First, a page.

Results:  EA application decreased baseline blood glucose levels in GK rats

7. Two styles of acupuncture for treating painful diabetic neuropathy

Ahn AC et al Acupuncture Med. 2007


Comment: Diabetic neuropathy occurs in more that 30% of people with DM and TCM and Japanese acupuncture were tested to determine their effects on  patients w/DM


Methods: Weekly acupuncture treatment for a total of 10 treatments.  Measures:  11 point daily pain severity Likert Scale.  SF-36, CBC, creatine, hemoglobin A1C, quantitative sensory tests.


Results: The results of this experiment are varied and the outcomes do seem to differ between styles although the trial was not powered to detect any meaningful differences between the points.  Aspects of styles varied between the two types of acupuncture as expected and there were no significant differences in the secondary measures nor blood except for A1C which was empirically decreased in the Japanese style group both at baseline and follow up [8.8 (week 0) and 9.2 (week 10) TCM versus 6.6 (week 0) and 6.5 (week 10)].

5. Chronic e-stim in diabetic rats

   Lin CC et al. Conf Proc IEEE Eng Med Biol Soc, 2005.


Comment:  Original study of EA in diabetic induced rats


Points:  ST 36.  SP 6. K3- 4hz.  Measures:  BCL, NCV and TH


Results:  No statistical significance on BGL in diabetic versus normal rat.  p>0.05.  Difference in NCV after 3 weeks of EA, p=0.8477.  TH increased w/duration of hyperglycemia and EA helps attenuate TH increase, p<0.03


BGL= Blood glucose levels                                        DM= Diabetes Mellitus          EA= Electro-acupuncture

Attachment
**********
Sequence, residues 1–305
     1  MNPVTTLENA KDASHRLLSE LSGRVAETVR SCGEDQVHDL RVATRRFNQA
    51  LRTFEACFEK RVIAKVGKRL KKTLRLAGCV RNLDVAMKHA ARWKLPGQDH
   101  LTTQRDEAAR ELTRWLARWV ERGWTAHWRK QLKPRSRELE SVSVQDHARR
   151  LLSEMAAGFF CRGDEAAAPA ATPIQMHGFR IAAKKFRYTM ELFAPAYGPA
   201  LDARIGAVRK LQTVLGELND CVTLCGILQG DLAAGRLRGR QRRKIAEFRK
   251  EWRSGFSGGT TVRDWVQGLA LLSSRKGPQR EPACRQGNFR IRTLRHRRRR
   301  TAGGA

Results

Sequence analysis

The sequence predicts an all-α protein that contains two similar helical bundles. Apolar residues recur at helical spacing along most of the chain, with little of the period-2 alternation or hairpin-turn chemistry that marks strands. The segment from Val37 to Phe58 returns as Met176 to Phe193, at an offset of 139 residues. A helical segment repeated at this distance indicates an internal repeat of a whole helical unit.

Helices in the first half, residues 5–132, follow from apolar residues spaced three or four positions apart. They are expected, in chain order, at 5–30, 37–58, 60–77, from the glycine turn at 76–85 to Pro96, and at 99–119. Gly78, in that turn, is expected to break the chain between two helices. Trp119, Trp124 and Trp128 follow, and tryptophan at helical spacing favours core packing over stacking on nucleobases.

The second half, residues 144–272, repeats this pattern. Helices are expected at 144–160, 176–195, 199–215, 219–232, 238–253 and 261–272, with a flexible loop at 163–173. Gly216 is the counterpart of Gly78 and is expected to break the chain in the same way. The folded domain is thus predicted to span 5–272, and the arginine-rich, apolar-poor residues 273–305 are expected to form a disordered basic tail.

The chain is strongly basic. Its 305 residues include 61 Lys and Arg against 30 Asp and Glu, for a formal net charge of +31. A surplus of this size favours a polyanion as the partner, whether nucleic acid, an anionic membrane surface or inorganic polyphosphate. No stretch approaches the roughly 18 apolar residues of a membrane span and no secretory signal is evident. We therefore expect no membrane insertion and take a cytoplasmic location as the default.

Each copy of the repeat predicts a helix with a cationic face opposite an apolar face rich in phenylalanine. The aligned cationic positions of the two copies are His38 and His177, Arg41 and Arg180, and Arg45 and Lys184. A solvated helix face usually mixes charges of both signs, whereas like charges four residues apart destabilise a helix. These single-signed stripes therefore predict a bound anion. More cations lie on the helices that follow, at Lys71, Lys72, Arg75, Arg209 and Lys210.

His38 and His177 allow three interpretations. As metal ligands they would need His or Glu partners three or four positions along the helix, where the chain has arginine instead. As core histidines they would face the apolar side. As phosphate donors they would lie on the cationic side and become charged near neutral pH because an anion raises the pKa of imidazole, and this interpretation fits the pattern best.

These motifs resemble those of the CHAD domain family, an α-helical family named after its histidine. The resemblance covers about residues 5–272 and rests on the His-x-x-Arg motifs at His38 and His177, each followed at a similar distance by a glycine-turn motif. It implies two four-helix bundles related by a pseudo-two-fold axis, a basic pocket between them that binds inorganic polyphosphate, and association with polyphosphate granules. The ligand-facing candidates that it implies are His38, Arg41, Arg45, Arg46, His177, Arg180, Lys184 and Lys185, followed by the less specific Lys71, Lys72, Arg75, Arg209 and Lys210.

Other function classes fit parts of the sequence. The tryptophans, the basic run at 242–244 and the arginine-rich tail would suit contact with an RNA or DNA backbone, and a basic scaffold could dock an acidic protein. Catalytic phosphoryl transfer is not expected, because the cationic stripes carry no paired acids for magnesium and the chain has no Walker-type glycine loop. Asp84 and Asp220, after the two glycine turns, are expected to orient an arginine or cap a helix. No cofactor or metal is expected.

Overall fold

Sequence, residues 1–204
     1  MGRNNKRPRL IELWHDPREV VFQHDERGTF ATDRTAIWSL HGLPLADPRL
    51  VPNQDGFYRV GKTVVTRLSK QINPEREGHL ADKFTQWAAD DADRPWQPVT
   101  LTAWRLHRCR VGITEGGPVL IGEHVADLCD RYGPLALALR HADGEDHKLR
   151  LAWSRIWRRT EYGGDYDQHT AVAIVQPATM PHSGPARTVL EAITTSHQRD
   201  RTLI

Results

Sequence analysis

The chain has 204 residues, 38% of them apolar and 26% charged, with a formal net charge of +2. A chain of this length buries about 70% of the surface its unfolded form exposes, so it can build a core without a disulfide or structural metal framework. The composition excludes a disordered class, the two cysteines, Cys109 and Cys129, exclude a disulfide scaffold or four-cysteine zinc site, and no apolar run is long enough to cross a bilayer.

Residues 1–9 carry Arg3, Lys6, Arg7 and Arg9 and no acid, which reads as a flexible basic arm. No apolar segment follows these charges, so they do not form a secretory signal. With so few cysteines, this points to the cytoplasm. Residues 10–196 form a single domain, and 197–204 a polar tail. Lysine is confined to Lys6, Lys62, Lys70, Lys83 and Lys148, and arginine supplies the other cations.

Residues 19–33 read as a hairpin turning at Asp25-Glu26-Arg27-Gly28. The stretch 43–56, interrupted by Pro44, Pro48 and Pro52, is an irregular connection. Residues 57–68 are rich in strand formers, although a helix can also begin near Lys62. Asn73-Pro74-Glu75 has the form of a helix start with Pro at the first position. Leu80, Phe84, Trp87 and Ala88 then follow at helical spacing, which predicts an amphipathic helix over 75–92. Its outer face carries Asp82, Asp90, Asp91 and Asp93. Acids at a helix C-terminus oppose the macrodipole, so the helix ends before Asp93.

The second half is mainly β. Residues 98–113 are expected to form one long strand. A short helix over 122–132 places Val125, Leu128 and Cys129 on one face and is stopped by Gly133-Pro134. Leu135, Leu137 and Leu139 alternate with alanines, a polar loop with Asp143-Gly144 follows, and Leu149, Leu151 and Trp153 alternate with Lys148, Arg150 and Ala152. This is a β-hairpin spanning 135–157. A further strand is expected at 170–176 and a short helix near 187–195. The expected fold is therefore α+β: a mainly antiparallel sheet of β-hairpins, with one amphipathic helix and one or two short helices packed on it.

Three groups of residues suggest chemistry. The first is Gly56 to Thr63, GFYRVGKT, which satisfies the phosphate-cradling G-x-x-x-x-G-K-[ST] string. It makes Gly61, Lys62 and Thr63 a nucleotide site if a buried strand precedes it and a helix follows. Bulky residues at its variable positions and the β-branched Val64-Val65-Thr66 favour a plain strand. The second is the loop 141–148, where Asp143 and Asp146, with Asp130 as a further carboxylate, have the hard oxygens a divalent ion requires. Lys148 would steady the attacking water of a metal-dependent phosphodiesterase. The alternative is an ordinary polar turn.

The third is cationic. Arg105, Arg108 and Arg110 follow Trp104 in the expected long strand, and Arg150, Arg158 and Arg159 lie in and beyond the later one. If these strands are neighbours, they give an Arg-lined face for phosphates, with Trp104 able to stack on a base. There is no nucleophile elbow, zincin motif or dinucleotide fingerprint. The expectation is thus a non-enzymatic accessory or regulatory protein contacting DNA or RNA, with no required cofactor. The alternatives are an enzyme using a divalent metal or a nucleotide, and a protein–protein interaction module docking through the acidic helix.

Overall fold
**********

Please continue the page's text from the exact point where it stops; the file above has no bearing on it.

GCSI= Gastroparesis Cardinal Symptom Index        GI= Gastrointestinal

NCV- nerve conduction velocity                                SF-36= Short-form 36

TCM= Traditional Chinese Medicine                         TH-tactile threshold


Presently, there is a huge amount of research on etiology, pathogenesis, treatments and complications related to DM.  As above mentioned the main goal of therapy for a patient diagnosed with either type 1 or 2 DM is to reduce and eliminate symptoms related to the hyperglycemia, potential long-term complications, and focus on achieving a normal and healthy lifestyle.  Integrative medicine utilizing CAM treatments and products may be quite valuable as many practices and agents can be utilized for a comprehensive approach to the patient.  Obviously evidence still needs to be done on all potential treatments however CAM and Traditional Medicine Systems is likely a rich source of elements in the often complex and chronic treatment of DM.


  1.  Accessed August 15, 2009.
  2. Harrison’s Principles of Internal Medicine. 17th Edition, McGraw Hill.
  3.  Accessed August 17, 2009